When you're a caregiver, you're likely to run into situations that collide with your work responsibilities, such as appointments in the middle of the workday. Or those nightmare calls: Dad just had a heart attack and you have to leave the office now. Or Mom needs chemo twice a week — treatment times not dictated by your schedule. And guess what? There's no one else to take her.
Wouldn't it be great if your boss just said, "Whatever you need to do — no problem"? Some will, but not all.
What are the best strategies for dealing with your employer, and what are your rights as a caregiver?
"Employees caring for elders have shockingly few rights," says Joan C. Williams, founder of the Center for WorkLife Law at the University of California Hastings College of the Law and coauthor of AARP's new report "Protecting Family Caregivers From Employment Discrimination."
You may have legal rights. Or not. Regardless, you'll need to find a way to meet both your personal commitments and your employer's work needs. Here's what you need to know:
* Find out if you qualify for the Family Medical Leave Act (FMLA), a federal law that gives an employee 12 weeks of unpaid leave to take care of an immediate family member. It also protects your job when you return to work at the end of your leave. The hitch: Not all companies are covered. They must have 50 or more employees, and you need to have worked for the company for at least 12 months, logging a certain number of hours. You can take your leave all at once or in intermittent intervals that add up to 12 weeks. At the end of your leave, you must return to work to protect your job.
FMLA prohibits employers from threatening you ("If you take time off, there won't be a job for you when you come back") or making your work life more difficult because you requested a leave.
* Some states have laws that are similar, but not identical, to the federal FMLA and that may give you different benefits. Your first step should be contacting your human resources department, which is required by law to tell you your rights and to offer you leave if you qualify.
* Other federal laws, such as the Americans With Disabilities Act (ADA), may help you as well. Your employer can't treat you differently if you're caring for someone with a disability covered under ADA. That means if the boss allows coworkers to take time off to care for their kids, they have to let you do the same with your disabled parent. The ADA also gives you protection if you lose your job or are harassed. And know that different treatment of men and women in the workplace is gender discrimination prohibited by federal and state laws.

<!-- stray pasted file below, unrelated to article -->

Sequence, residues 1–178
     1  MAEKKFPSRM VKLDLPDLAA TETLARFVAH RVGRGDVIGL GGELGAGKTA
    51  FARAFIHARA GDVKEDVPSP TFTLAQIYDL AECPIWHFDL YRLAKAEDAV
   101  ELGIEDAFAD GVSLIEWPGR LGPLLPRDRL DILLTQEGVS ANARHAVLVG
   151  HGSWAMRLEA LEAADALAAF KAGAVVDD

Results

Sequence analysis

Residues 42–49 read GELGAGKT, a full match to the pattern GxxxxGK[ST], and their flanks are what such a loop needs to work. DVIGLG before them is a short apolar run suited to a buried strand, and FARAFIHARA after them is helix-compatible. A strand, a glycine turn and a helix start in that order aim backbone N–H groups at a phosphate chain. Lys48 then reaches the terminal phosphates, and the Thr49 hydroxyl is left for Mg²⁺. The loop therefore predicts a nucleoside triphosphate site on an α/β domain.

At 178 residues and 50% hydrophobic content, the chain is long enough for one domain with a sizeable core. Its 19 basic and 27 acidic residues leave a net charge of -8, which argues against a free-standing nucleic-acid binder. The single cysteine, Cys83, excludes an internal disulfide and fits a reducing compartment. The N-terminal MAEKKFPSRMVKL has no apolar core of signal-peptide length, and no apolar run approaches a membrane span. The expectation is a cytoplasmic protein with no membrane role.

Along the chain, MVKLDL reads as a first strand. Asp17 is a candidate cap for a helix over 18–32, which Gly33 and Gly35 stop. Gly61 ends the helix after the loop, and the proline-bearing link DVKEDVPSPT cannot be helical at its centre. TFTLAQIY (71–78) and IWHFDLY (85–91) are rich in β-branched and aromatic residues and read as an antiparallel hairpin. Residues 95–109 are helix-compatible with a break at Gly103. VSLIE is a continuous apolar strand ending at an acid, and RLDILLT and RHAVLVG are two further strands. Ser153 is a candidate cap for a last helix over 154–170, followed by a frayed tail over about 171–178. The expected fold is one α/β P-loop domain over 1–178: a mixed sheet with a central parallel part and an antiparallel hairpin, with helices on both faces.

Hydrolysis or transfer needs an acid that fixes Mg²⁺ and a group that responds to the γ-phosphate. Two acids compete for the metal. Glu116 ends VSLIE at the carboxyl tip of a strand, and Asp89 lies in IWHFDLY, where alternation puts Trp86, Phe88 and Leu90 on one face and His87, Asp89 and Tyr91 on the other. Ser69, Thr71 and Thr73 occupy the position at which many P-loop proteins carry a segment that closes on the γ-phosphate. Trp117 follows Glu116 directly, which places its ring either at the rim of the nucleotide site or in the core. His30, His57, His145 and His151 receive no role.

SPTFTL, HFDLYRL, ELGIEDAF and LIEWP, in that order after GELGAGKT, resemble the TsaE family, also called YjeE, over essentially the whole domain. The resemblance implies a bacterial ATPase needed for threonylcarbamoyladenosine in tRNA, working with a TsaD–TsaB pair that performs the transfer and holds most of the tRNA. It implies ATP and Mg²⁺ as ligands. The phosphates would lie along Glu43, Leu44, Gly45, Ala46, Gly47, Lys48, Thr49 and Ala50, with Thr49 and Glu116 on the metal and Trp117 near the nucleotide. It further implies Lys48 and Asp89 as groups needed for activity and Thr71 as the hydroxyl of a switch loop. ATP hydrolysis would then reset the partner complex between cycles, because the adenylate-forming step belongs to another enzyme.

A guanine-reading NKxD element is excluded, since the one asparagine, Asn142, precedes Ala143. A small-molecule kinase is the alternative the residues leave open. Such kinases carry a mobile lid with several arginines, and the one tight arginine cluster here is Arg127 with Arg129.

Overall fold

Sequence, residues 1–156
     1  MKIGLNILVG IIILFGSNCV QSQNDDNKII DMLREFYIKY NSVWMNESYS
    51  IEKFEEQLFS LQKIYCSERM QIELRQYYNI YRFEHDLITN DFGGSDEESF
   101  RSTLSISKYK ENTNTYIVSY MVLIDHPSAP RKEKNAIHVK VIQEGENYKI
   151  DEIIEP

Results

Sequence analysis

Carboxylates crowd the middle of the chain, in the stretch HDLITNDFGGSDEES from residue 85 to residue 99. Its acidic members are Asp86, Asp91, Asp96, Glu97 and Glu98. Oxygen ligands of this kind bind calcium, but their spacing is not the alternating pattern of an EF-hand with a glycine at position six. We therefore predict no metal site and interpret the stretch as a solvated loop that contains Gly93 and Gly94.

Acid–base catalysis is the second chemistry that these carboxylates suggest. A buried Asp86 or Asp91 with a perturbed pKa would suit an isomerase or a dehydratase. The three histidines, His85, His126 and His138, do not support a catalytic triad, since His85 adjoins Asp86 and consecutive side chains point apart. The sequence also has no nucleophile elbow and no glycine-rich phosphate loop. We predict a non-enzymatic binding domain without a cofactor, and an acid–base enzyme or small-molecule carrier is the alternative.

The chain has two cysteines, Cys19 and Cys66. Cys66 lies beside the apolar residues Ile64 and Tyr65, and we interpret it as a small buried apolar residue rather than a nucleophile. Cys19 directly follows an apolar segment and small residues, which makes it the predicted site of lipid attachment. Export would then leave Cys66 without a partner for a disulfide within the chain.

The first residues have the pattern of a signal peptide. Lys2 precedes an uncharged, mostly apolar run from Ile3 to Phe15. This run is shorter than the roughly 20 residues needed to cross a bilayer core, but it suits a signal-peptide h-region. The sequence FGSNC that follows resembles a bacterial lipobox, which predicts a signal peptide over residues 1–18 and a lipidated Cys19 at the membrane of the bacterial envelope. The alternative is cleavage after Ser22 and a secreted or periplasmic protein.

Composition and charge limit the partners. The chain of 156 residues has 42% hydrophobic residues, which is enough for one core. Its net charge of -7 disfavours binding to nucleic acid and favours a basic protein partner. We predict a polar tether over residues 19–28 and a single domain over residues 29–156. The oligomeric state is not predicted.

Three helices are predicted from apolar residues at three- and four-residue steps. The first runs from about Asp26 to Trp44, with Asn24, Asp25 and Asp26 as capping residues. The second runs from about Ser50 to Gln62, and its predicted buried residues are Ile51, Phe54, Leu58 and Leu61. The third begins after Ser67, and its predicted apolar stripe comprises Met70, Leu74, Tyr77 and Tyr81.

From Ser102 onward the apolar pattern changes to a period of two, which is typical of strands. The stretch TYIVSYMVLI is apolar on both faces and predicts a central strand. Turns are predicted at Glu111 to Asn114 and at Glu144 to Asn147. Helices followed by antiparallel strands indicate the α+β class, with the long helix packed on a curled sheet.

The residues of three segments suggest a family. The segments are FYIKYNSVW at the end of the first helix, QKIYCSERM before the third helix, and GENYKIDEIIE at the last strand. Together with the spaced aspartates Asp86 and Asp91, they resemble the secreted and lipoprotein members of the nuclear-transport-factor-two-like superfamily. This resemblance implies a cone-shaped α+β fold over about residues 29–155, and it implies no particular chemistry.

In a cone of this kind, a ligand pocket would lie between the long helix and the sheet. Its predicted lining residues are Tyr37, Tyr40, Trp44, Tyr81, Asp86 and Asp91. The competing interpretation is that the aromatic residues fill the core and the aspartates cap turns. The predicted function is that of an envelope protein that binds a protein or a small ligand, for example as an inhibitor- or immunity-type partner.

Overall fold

The U.S. Department of Labor, legal aid organizations and other advocacy resources such as the Center for WorkLife Law at the University of California Hastings College of the Law Hotline (415-703-8276) can help you with your discrimination questions.
What if you don't qualify for FMLA or other laws? If no law applies, your employer does not have to give you time off or make any accommodations. That makes it all the more important to sit down and have a conversation with your boss and find solutions that will work for all parties.
Start by offering solutions. If you must take a parent or spouse to the doctor, schedule appointments early in the morning or at the end of the day and suggest making up the time on either end, at night or on weekends. Can you telecommute on days when you're needed at home most, or perhaps once a week? Flextime and telecommuting are becoming more common in the workplace.
"Employers don't want the lost productivity, disruption, poor morale or turnover that comes from conflicts with workers," says David Rosenthal, a Boston labor and employment lawyer. "They just want to know that the work will get done. Most bosses will find a way to keep good employees."
Most of all, communicate, and be prepared to compromise.
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